Human Exceptionalism

Kevorkianism Coming to UK?

The Jack Kevorkian travesty during the 1990s was a debacle–both ethically and to the rule of law. Here, briefly, is what happened: When juries refused to convict Kevorkian, a candidate for Oakland County (MI) prosecutor promised that if elected, he would not prosecute Kevorkian. He was elected, after which, assisted suicide remained illegal for all Michigan residents–except one.  Ironically, this prosecutor put K in jail after he pushed the envelope beyond assisted suicide to active murder.

As mentioned here previously, the public prosecutor in Britain was ordered by the Lords in the Debbie Purdy case to publish the factors that will be considered when deciding whether to prosecute assisted suicide when UK residents take a suicidal person overseas to be made dead. He has now stated he will also do so for domestic assisted suicides. From the story:

New guidelines on assisted suicide will apply to people who help their loved ones die in Britain as well as to those who help them die abroad, the Director of Public Prosecutions has disclosed. Keir Starmer, the head of the Crown Prosecution Service, is to clarify whether people should be prosecuted for aiding a suicide following a landmark ruling by the Law Lords last week. It had been assumed that this guidance would affect only cases in which friends or relatives helped people to die abroad, such as at the Dignitas clinic in Zurich.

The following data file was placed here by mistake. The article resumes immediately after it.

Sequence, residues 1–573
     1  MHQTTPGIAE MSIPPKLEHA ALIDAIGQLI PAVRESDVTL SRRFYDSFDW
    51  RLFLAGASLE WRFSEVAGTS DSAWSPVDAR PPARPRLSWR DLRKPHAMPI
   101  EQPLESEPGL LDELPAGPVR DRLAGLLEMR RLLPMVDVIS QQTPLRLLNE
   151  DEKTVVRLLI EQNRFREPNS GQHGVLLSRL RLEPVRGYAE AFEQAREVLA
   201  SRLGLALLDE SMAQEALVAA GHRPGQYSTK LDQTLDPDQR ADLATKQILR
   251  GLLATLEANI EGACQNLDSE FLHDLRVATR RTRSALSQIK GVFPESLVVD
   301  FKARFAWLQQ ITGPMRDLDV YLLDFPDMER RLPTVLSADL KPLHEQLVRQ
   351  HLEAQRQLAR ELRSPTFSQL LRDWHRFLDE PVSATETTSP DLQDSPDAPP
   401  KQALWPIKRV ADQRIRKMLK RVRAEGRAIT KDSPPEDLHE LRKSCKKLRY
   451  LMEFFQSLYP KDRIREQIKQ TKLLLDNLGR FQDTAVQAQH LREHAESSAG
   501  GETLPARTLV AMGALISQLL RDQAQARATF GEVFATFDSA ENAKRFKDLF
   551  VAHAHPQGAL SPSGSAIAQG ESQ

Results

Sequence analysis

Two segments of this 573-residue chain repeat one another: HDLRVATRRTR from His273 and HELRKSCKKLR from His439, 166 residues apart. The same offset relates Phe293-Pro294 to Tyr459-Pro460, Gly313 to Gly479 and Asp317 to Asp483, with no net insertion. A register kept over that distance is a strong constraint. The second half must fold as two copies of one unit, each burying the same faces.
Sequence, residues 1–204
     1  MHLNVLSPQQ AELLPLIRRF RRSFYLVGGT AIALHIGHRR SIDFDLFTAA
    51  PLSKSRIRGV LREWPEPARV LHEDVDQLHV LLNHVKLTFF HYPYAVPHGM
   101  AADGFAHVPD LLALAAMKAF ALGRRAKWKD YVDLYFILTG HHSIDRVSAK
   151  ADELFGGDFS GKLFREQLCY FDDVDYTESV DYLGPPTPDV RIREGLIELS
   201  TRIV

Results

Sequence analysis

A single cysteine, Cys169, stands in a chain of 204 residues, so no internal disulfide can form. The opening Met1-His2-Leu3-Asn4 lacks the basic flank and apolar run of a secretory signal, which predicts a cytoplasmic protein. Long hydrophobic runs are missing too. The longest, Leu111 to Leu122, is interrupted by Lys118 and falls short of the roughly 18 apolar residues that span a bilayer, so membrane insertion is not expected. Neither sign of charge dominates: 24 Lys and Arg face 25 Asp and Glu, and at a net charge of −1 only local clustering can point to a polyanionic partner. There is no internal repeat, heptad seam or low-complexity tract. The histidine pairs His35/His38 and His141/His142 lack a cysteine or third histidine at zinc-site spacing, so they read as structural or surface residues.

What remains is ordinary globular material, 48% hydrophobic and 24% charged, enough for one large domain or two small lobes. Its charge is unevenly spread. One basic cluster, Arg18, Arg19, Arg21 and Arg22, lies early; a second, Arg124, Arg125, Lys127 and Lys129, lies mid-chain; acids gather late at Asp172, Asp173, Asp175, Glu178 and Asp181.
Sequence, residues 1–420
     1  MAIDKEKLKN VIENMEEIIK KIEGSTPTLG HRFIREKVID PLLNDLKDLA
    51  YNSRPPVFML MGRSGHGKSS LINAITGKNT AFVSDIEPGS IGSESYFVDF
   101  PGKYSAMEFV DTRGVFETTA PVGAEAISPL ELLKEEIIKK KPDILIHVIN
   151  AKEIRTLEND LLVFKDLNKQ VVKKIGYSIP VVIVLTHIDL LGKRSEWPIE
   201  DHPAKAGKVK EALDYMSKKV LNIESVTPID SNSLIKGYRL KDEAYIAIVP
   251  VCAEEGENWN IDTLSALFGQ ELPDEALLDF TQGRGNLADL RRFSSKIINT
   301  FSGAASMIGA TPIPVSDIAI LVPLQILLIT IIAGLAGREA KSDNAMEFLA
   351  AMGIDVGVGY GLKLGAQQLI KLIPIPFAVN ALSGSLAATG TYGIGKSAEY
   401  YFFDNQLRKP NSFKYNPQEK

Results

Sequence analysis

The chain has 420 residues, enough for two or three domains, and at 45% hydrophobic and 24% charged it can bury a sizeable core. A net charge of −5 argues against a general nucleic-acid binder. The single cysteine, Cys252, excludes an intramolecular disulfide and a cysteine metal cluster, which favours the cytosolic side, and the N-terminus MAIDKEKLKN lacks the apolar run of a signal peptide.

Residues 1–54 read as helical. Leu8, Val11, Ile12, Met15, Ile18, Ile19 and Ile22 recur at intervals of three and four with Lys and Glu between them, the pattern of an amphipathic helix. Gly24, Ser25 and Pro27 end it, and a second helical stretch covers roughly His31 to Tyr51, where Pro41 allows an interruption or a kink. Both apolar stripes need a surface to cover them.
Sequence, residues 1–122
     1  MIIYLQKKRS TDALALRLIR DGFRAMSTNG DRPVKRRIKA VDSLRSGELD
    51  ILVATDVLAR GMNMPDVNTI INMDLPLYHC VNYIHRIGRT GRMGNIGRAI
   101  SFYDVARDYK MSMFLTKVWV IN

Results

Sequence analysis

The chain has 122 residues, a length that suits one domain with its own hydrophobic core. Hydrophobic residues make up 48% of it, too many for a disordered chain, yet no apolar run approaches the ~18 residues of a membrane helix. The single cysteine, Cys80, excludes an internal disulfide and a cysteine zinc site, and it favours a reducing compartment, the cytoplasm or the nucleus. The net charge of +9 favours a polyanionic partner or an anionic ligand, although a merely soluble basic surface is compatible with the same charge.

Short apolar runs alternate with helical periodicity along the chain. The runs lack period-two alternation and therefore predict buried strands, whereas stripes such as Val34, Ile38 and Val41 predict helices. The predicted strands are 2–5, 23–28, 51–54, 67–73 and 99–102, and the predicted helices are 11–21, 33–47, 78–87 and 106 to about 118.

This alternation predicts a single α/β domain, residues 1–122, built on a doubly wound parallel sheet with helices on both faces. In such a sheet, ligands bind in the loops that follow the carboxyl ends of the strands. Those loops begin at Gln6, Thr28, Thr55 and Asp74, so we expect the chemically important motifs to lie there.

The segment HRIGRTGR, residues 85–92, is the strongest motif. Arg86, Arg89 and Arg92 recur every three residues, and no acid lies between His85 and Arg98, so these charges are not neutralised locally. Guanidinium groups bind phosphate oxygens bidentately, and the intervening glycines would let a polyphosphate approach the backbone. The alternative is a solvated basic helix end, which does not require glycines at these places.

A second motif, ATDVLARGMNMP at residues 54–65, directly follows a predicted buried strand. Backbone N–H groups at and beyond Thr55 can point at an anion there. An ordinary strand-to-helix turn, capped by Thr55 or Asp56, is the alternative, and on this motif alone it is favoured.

However, in an interview with The Daily Telegraph, Mr Starmer said the “broad principles” of his new guidelines would apply equally to acts of assisted suicide planned and carried out at home. He denied that any new interpretation of the law would lead to a large increase in assisted suicides, as was suggested by campaigners opposed to the legalisation of the practice.

Of course, it all depends on the criteria that are published. For example, if the prosecutor makes clear that active participation by others in other’s suicides will be prosecuted regardless of whether the dead person was ill or disabled, that will be one thing. But if the prosecutor promises not to enforce the law in certain circumstances, say, allowing relatives to help off despairing seriously ill or disabled loved ones kill themselves–the UK will have opened the door to rank Kevorkianism. That will not only result in preventable deaths, but will have a profoundly deleterious impact on the culture and the rule of law.